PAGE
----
The At Home/Chez Soi study was approved by institutional research ethics boards at St. Michael's Hospital and was registered with the International Standard Randomized Control Trial Number (ISRCTN 42520374).

Variables

Premorbid rather than current intellectual functioning was assessed to avoid confounding by illness severity. We measured premorbid intellectual functioning using the Revised New Adult Reading Test (NART/NART-R) that displayed 61 words that do not follow regular grapheme-phoneme rules that participants were asked to read and pronounce (Blair and Spreen 1989; Strauss et al. 2006). Similar to prior research (Hassiotis et al. 2008), the verbal intelligence NART-R score was converted to an IQ score (Blair and Spreen 1989). Borderline intellectual functioning occurs when a person has below average cognitive ability, indicated by having an IQ in the 70–84 range. A more severe intellectual impairment is consistent with a diagnosis of intellectual disability, defined by having an IQ less than 70. Intellectual disabilities originate before age 18 and are characterized by lifelong limitations in cognitive and adaptive functioning that impact on activities of daily living. Due to the small sample size and NART-R limitations, we compared the group of participants with borderline or lower intellectual functioning (IQ score<85) to those with above borderline intellectual functioning (IQ score of 85+).

The outcome, lifetime duration of homelessness (in years), was measured at the baseline study visit when participants were asked: "In your lifetime, what is the total amount of time you have been homeless?" Other variables examined are listed in Table 1.

Statistical analysis

Intellectual functioning groups were compared with respect to sociodemographic factors, mental and physical health using the two-sample t-test or Fisher's exact test. Bivariate comparisons of homelessness duration between groups were made with the Mann-Whitney U test for the whole sample (n=172, primary analysis). To address concerns that immigrants may have worse English proficiency, affecting their performance on the NART-R, we also ran a sensitivity bivariate analysis on the sample excluding immigrants (n=131, sensitivity analysis). A multivariable linear regression model assessed the association between intellectual functioning and lifetime duration of homelessness. Covariates (Table 1) were included in the adjusted model if they were conceptually relevant or statistically significant in the bivariate analysis.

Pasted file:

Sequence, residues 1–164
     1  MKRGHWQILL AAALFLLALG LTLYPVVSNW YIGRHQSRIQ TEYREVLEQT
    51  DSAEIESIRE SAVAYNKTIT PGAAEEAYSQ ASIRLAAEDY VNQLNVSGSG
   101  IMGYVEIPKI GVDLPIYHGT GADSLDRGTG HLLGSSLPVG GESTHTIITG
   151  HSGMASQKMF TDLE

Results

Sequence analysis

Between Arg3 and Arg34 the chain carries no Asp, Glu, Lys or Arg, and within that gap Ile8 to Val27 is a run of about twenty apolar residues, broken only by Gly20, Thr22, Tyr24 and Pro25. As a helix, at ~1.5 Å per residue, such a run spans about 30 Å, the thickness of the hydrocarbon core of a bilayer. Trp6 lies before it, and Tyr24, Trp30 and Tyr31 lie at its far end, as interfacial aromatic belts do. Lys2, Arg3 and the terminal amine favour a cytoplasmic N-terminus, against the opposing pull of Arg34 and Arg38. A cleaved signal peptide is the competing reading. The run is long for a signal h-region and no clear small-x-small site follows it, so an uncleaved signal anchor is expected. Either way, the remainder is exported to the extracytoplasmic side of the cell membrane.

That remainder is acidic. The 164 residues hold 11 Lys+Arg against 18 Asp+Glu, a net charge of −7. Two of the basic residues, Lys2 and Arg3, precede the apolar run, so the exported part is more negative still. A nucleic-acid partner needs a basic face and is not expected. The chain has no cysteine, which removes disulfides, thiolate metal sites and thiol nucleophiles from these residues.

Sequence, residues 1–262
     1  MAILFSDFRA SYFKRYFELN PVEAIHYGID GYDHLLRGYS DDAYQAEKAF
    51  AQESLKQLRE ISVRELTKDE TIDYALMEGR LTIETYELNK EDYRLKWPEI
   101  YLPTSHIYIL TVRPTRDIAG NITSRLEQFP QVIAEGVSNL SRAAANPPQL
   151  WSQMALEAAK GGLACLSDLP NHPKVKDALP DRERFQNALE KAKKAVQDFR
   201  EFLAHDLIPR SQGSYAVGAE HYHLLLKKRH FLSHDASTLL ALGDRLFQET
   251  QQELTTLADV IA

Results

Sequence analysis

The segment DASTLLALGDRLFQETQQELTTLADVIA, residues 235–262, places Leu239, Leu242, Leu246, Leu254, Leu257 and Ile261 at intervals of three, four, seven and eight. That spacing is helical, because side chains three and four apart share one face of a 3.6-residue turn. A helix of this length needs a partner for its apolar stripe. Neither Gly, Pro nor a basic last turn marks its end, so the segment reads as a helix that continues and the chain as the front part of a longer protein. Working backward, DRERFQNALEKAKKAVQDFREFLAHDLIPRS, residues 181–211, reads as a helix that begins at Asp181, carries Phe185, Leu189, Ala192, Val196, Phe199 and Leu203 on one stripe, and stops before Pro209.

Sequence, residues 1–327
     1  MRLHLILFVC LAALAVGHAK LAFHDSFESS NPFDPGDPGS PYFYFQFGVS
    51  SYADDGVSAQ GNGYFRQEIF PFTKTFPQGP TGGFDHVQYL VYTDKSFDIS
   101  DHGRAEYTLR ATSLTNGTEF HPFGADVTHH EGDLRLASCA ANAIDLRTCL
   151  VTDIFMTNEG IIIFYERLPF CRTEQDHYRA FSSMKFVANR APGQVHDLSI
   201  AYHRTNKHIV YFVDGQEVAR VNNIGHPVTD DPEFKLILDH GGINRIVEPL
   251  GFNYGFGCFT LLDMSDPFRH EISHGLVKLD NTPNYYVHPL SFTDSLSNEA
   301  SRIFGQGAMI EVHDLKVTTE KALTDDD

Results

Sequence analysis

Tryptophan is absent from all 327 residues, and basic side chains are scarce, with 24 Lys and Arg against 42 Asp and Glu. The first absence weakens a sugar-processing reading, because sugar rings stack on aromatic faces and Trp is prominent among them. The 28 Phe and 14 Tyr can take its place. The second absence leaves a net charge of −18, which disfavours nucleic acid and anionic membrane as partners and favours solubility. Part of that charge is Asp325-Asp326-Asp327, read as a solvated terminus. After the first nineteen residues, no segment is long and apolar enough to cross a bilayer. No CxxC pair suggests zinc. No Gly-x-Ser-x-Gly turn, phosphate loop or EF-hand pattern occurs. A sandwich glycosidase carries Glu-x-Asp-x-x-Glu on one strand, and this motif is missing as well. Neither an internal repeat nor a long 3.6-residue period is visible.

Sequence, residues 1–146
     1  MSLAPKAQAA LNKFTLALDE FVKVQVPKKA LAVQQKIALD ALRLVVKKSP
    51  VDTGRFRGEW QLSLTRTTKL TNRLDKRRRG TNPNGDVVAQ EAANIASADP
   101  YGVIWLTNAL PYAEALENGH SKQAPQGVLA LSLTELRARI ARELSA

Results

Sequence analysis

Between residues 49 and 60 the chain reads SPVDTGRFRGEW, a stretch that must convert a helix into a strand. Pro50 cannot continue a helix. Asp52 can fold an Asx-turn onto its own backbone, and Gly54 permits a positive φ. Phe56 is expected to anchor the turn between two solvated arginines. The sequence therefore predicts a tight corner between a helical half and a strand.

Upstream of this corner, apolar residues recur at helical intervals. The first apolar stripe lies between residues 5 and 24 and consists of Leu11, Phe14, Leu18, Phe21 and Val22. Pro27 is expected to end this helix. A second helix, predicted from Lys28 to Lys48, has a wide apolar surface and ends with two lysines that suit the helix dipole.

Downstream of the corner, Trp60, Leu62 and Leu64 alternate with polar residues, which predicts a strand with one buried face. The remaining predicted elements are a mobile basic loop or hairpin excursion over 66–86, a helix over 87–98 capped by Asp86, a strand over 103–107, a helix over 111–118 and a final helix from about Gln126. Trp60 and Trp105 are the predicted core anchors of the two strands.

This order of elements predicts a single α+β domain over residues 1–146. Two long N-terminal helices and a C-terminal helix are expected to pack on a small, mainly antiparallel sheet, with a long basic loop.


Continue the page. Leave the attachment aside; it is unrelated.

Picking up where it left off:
Data analyses were conducted using R (version 3.4.0). All statistical tests were two-tailed and statistical significance was defined as p-values less than 0.05.

Results

Of the 172 study participants, 144 (83.7%) had premorbid IQ scores above the borderline intellectual functioning cut-off, and 28 (16.3%) had scores in the borderline premorbid IQ range or below. Compared to the former group, individuals in the borderline or lower intellectual functioning group were more likely to be immigrants (46.4% versus 19.4%, p=0.006) and to have completed at most some high school (75.0% versus 45.8%, p=0.007). Groups were similar with respect to age, gender, ethnicity, receipt of disability income support, mental health functioning, any mental health or addictions disorder or symptom severity, arrests, or community provider visits (data not shown).

In the primary bivariate analysis of the entire sample, lifetime duration of homelessness was longer for the borderline or lower intellectual functioning group (median 6.0 years vs. 3.2 years, p=0.038, Table 1). Results were similar in the sensitivity analysis that excluded immigrants (median 7.0 years [IQR 5.2–11.6] vs. 4.5 [IQR 1.8–9.0], p=0.02). Similarly, in the multivariable analysis, membership in the borderline or lower intellectual functioning group was associated with an average longer homelessness duration of approximately 3.0 years (p<0.01, Table 1). Other variables associated with increased average homelessness duration in the multivariable analysis were male gender (p<0.01), and increased age (p<0.01). Ethnoracial, compared to White ethnicity, was associated with decreased average homeless duration (p=0.03).

Discussion

A prevalence of borderline or lower intellectual functioning of 16.3% in our setting is consistent with findings in other jurisdictions, with reported prevalence rates ranging from 6.0% to 37.5%. Moreover, international studies have noted that evaluations of participants' intellectual functioning are generally absent from homeless programs (Van Straaten et al. 2014). Since the present study was done in a setting with universal health insurance that recently invested considerable funds into community mental health (SEEI Coordinating Centre 2009), the finding that people with mental illness in the borderline premorbid IQ range or below were homeless for about three years longer (about twice as long) as other homeless individuals with mental illness may even be more pronounced in other settings where health and social supports are even less accessible.